Before you come and see Yonghoon Lee, Amber Wagner, Stephanie Blythe, and Quinn Kelsey in Sir David McVicar's production later this season, take a look at some past productions of this great opera throughout Lyric's history.

1955 

Il Trovatore had its company premiere in 1955, the second season of Lyric Theatre of Chicago. This production was conducted by company co-founder Nicola Rescigno and featured an all-star cast that included tenor Jussi Björling. Maria Callas—who had just made her American debut in Chicago in 1954—was making her second of three appearances in the 1955 season as Leonora. Callas had appeared in three productions in Lyric's inaugural season. Her sixth and final opera appearance at Lyric also came in 1955 when she played Cio-Cio San in her only staged performances of Puccini's Madama Butterfly. In the photo below, she is greeting Metropolitan Opera general manager Rudolf Bing after one of her Trovatore performances.

1956 & 1958 

Though there are no pictures of Lyric's 1956 production of Il Trovatore, it was notable in that it was the American debut of Bruno Bartoletti, Lyric's future artistic director and principal conductor. Replacing his mentor, Tullio Serafin, Bartoletti would win rave reviews and the admiration of Carol Fox, who would later appoint him co-artistic director with Pino Donati.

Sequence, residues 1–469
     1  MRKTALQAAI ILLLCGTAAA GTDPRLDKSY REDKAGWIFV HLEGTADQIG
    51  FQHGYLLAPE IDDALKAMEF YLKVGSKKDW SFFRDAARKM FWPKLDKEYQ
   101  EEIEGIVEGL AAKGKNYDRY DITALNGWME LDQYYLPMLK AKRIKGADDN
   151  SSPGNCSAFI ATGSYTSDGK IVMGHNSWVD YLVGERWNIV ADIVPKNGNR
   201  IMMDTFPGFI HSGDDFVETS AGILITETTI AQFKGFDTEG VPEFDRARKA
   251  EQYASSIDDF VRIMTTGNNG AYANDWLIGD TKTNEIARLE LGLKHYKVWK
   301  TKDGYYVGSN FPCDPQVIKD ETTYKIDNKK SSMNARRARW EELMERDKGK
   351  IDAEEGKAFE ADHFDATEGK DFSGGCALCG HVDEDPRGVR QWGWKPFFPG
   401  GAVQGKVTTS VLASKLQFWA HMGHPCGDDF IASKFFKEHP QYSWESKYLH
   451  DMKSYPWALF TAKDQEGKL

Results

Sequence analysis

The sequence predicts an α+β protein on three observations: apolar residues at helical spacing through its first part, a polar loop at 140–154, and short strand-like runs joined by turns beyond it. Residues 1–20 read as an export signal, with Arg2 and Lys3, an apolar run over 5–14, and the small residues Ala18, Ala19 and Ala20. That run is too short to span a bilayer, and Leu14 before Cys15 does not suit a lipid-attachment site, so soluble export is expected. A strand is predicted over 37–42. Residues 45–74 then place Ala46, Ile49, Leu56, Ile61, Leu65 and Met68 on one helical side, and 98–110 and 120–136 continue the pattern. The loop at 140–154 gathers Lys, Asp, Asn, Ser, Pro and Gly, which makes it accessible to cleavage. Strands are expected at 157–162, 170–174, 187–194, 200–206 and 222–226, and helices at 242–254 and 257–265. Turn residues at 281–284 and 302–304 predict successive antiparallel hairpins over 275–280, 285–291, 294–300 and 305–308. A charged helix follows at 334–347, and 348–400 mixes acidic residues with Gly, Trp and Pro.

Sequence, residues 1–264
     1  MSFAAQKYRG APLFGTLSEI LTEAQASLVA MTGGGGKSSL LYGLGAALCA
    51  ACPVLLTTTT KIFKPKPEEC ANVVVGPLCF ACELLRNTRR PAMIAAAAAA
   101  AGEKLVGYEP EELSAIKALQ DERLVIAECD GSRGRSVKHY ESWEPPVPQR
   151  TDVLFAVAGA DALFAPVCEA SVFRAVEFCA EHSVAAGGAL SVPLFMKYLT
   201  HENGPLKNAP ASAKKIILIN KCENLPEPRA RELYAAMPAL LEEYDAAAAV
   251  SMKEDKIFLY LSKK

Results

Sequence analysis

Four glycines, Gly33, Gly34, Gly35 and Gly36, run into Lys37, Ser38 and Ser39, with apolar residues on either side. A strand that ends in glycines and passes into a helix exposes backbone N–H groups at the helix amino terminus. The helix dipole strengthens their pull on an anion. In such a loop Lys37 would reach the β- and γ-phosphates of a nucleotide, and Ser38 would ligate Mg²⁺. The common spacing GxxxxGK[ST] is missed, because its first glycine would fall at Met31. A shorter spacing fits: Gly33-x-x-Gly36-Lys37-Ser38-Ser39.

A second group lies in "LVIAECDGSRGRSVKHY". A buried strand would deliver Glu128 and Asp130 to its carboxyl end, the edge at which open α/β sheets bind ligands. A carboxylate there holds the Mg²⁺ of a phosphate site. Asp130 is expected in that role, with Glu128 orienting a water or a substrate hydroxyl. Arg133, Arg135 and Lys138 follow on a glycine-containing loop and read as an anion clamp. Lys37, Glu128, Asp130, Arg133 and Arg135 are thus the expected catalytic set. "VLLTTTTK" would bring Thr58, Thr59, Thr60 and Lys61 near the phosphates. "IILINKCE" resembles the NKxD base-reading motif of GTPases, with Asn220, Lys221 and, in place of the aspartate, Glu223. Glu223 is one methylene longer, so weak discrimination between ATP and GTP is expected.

The 1958 production was conducted by Lee Schaenen and featured Ettore Bastianini and Jussi Björling returning as di Luna and Manrico, with Elinor Ross as Leonora and the great Giulietta Simionato as Azucena.

Pictured below (clockwise from top left): Jussi Björling, Anna-Lisa Björling, and Ettore Bastianini read backstage; Leonora (Ross) and Manrico (Björling); Azucena (Simionato) confronts di Luna (Bastianini) as Leonora (Ross) lies dead.  

1964 

This new-to-Lyric production was imported from the Metropolitan Opera in New York, where it had been performed a few years earlier. Lyric's stage director was Christopher West and the set and costumes were created by the design group Motley, whose sketches are below. 

Grace Bumbry portrayed Azucena, with Franco Corelli as Manrico (one of his signature roles), along with Ilva Ligabue (Leonora), and  Mario Zanasi (di Luna) completing the leading quartet. Bruno Bartoletti returned to conduct in his first season as co-artistic director.

Pictured above (clockwise from left): Azucena (Bumbry) and Manrico (Corelli); Manrico (Corelli) and Leonora (Ligabue); and di Luna (Zanasi) and Leonora (Ligabue).